I am a social historian specialising in the Middle East and Mediterranean in the Middle Ages, particularly Anatolia, Upper Mesopotamia and Caucasia (approximately modern-day Turkey, Armenia, Georgia and Azerbaijan, as well as parts of northern Syria and Iraq). In particular my research focuses on the empire of New Rome (“Byzantium”), Armenian and Georgian polities in the central Middle Ages, and the city of Ani, between the ninth to and fourteenth centuries. I also takes a comparative perspective across the region, especially from Kurdish and Ottoman studies, as well as globally, from pre-history to the modern day. Through this research I theorise social-historical themes of hegemony and counterpower, ethnicity and nationhood, and critical political economy before, during and after the rise of capitalism. I aim towards a radical perspective on social history from an anarchist – that is, a methodologically anti-state – standpoint. I received my first degree in Ancient & Medieval History from the University of Edinburgh, before moving to the University of Oxford to complete first a master’s degree in Late Antique & Byzantine Studies, and then a doctoral dissertation in the Faculty of Oriental Studies titled ‘Situating the History attributed to Aristakes Lastiverc‘i: The Empire of New Rome & Caucasia in the Eleventh Century’. During my time as a postgraduate student I co-founded the international research network The Long History of Ethnicity & Nationhood at The Oxford Research Centre for the Humanities (TORCH), running a number of workshops, conferences and seminar series. At the IHR I will focus on developing my doctoral research into a monograph, and begin a new project titled ‘“The Fate of Unjust Cities”: Global History, Political Economy & the Abandoned City of Ani, 900-1400’. This radical global history and political economy of the abandoned city of Ani in central South Caucasia, modern-day eastern Turkey, will situate the city’s emergence, development and decline between the tenth and fourteenth centuries in macro regional and interregional transformations, particularly the Mediterranean Commercial Revolution and the emergent world-system generated by Mongol Eurasian hegemony, in connected micro analysis of developing social relations in the urban space. The project draws on Ani’s rich material remains, particularly the large corpus of monumental epigraphy, as well as numismatics, ceramics and architectural remains, supplemented by Armenian, Georgian, Greek and Islamic (Arabic & Persian) literary sources. Exploring and theorising the political economy of different state-systems, long durée histories of commercial capitalism, and subaltern resistance framed through the heuristics of hegemony and counterpower, the project touches on historical and social themes relevant across time and place.   Normal 0 false false false EN-GB KO X-NONE /* Style Definitions */ table.MsoNormalTable {mso-style-name:”Table Normal”; mso-tstyle-rowband-size:0; mso-tstyle-colband-size:0; mso-style-noshow:yes; mso-style-priority:99; mso-style-parent:””; mso-padding-alt:0cm 5.4pt 0cm 5.4pt; mso-para-margin-top:0cm; mso-para-margin-right:0cm; mso-para-margin-bottom:8.0pt; mso-para-margin-left:0cm; line-height:107%; mso-pagination:widow-orphan; font-size:11.0pt; font-family:”Calibri”,sans-serif; mso-ascii-font-family:Calibri; mso-ascii-theme-font:minor-latin; mso-hansi-font-family:Calibri; mso-hansi-theme-font:minor-latin; mso-bidi-font-family:”Times New Roman”; mso-bidi-theme-font:minor-bidi;}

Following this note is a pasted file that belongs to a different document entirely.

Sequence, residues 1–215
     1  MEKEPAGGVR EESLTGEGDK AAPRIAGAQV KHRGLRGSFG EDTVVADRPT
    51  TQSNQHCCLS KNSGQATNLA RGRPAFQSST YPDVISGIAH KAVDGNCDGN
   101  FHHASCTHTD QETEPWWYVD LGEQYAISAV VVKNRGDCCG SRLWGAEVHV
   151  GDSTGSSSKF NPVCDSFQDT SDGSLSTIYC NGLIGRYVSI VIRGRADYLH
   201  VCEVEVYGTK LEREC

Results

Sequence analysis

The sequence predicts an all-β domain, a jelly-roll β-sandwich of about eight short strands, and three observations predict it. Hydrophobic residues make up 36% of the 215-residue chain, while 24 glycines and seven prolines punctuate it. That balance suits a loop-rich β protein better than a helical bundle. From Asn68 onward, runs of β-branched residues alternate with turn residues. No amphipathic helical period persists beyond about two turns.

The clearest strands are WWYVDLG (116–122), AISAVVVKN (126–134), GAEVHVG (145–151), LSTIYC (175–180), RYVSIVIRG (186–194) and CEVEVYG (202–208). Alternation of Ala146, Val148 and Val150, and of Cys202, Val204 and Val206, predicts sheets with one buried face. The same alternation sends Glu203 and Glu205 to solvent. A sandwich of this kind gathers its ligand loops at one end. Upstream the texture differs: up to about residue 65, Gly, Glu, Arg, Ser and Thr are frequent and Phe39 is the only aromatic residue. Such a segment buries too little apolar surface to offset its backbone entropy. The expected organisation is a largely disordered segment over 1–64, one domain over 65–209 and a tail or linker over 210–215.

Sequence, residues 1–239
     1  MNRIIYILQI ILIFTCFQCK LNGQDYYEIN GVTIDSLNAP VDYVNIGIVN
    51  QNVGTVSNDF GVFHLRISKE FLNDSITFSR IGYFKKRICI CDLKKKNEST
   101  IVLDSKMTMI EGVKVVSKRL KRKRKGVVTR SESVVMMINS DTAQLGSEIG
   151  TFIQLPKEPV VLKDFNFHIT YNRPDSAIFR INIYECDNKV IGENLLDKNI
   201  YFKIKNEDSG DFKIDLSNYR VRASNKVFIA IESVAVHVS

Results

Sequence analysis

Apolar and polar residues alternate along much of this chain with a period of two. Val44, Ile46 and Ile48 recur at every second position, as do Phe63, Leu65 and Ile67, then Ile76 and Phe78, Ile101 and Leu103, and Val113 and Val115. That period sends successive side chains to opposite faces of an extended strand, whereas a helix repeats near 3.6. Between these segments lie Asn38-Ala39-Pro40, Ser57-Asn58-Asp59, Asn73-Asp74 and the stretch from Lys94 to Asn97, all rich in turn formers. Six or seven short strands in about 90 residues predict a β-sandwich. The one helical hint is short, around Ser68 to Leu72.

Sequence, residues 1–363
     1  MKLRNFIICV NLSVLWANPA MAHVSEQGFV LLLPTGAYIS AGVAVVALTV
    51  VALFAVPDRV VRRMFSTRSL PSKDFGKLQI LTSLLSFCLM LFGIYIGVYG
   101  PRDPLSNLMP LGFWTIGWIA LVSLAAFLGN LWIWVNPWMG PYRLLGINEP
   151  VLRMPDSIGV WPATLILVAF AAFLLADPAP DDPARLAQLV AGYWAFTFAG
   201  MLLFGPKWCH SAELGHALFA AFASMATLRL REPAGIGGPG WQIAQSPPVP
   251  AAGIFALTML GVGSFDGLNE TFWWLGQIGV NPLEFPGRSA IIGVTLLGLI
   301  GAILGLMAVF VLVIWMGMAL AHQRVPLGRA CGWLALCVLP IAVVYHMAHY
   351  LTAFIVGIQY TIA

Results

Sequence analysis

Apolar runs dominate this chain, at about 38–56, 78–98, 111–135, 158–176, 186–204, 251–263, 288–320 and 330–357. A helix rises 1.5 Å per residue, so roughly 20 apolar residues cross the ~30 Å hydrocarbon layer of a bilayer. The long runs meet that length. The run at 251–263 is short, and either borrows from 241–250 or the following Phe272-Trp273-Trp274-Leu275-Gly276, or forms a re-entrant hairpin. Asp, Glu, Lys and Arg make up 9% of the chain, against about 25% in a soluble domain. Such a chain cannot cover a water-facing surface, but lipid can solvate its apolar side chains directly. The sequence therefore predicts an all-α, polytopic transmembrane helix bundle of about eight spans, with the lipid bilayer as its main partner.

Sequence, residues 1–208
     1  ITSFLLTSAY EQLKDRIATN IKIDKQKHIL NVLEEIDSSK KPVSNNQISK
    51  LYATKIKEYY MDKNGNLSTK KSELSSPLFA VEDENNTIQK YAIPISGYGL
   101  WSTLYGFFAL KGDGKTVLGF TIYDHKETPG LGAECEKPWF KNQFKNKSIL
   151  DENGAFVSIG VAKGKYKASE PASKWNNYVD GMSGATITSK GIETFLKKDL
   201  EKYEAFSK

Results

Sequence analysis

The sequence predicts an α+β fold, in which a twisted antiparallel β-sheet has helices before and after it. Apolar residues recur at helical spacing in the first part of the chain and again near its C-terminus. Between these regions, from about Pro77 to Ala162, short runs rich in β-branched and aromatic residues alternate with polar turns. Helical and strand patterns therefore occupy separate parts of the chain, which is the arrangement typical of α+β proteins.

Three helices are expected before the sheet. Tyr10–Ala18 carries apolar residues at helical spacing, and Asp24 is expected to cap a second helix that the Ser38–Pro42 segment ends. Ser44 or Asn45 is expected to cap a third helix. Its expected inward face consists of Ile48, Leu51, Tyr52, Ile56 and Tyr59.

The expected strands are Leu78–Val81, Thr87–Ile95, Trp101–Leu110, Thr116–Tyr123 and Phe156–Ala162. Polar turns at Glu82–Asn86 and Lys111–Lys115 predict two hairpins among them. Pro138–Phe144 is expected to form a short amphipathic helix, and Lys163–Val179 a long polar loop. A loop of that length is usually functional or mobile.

MemberTimothy Luckritz Marquis

Pedagogy, communication, mobility I work in faculty development and instructional design with an emphasis on online and hybrid teaching and learning and intercultural engagement. I also teach Religious Studies, Christian origins, and ancient history. My research and writing explore ancient and modern itinerancy, ancient ethnicity and modern race, gender studies, and biopolitics.